“Compound memories,” as I call such pairs of recollections that each tell part of a story, may have any type of moral. Recall the early memories discussed in Chapter 6 of the boy who enjoyed building a balsa wood car at Boy Scouts but who felt sad sitting in his bedroom listening to his parents argue. In these recollections, there is a contrast not only between outsiders and family, but also between activity and being at rest: “When I am busy and with my peers I am happy. When I am still, I think about the pain in my family.”
            For further practice, try to interpret the following three sets of compound memories. These are actual memories of real people. My interpretations follow at the end of this section.

Sample Compound Memories

1) Carla remembered a trip to the grocery store with her mother and brothers. It was a windy day and she believed her mother was in a hurry because she thought there would be a storm. Carla recalled many details about the grocery store, including that there were large swinging doors. She and her brothers played on some large stacks of dog food. They always played on the dog food bags when they went to the grocery store.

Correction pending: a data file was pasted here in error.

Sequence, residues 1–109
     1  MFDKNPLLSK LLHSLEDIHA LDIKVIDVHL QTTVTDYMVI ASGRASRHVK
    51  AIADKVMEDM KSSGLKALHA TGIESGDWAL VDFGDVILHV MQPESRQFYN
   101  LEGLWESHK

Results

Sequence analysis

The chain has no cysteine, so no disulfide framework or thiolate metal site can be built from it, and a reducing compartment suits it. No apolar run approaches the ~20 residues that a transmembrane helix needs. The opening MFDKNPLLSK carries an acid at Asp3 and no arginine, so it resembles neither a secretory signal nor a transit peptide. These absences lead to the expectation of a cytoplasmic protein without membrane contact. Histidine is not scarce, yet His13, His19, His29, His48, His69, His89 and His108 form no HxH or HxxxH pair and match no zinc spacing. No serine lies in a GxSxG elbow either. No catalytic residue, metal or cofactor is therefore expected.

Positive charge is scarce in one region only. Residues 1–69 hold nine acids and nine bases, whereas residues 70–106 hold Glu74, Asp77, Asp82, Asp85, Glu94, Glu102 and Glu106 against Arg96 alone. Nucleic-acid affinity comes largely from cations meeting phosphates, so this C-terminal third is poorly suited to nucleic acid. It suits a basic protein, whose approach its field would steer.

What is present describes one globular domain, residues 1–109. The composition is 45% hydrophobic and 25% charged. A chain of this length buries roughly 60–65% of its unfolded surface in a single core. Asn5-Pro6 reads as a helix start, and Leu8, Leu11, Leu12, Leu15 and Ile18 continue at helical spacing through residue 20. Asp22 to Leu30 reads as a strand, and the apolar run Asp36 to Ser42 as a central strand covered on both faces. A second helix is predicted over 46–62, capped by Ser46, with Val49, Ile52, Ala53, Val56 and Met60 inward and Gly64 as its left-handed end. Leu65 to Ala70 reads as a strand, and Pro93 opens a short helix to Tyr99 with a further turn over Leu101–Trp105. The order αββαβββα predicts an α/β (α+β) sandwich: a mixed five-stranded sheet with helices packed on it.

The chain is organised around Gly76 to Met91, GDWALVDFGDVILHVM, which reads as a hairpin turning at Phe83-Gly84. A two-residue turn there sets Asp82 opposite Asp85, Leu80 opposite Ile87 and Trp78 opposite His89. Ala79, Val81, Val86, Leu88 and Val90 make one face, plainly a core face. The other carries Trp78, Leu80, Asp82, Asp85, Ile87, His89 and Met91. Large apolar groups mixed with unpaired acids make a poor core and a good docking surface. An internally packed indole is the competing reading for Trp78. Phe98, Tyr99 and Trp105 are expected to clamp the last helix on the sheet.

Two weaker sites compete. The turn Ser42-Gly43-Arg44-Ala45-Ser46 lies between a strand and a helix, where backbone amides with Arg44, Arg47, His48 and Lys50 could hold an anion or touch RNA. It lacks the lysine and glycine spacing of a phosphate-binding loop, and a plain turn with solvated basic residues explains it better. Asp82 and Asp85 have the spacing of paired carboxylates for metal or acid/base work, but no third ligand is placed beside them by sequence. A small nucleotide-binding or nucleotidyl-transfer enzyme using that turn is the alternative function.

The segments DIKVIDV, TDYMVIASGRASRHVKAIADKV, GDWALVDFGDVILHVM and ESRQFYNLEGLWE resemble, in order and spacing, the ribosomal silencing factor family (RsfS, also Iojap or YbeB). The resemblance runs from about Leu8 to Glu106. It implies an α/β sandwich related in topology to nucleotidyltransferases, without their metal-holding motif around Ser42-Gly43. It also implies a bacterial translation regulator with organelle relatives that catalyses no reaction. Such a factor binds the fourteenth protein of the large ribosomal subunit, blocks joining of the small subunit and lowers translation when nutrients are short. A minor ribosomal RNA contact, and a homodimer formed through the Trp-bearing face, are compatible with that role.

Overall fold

In her second memory, Carla recalled that her parents were still students when she was little and that her early home was in a married students’ dormitory. There was a dumpster outside the dormitory, and she remembered going into the dumpster to play. She saw things in the dumpster – such as pieces of furniture – that were salvageable. She thought that some of her parents’ belongings had probably been salvaged from the dumpster.

2) Eric remembered that his sister was a packrat. One time, he saw her hiding a cache of candy in her dresser drawer. This wasn’t allowed, but Eric did not tell on her. In another memory, he recalled his sister hiding fruit in her dresser. He thought the fruit might spoil, so he told on her.

3) Marcus remembered being naked and running out of the house at full speed to play in the snow. His mother told him not to run out, but he went anyway. In a second memory, Marcus remembered his father teaching him how to ride a bicycle. He was riding, and his father was running with him, and his father stopped. When his father stopped, Marcus put on the brakes, and that was how he learned to brake.

Interpretations

1) Carla